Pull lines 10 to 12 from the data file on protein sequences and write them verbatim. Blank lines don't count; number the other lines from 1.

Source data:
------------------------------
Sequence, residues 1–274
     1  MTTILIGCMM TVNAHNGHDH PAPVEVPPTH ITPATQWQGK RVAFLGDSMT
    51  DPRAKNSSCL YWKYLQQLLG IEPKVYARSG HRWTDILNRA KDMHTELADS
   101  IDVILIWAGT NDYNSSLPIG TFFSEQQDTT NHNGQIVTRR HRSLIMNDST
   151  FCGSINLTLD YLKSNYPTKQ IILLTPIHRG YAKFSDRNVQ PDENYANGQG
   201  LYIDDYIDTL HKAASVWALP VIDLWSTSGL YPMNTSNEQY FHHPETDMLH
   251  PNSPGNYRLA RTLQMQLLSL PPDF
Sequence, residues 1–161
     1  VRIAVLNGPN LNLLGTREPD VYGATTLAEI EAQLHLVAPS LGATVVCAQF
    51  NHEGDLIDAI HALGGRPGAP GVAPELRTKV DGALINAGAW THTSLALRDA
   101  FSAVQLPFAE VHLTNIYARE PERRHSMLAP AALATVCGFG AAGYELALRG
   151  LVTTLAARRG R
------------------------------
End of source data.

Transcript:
    51  NHEGDLIDAI HALGGRPGAP GVAPELRTKV DGALINAGAW THTSLALRDA
   101  FSAVQLPFAE VHLTNIYARE PERRHSMLAP AALATVCGFG AAGYELALRG
   151  LVTTLAARRG R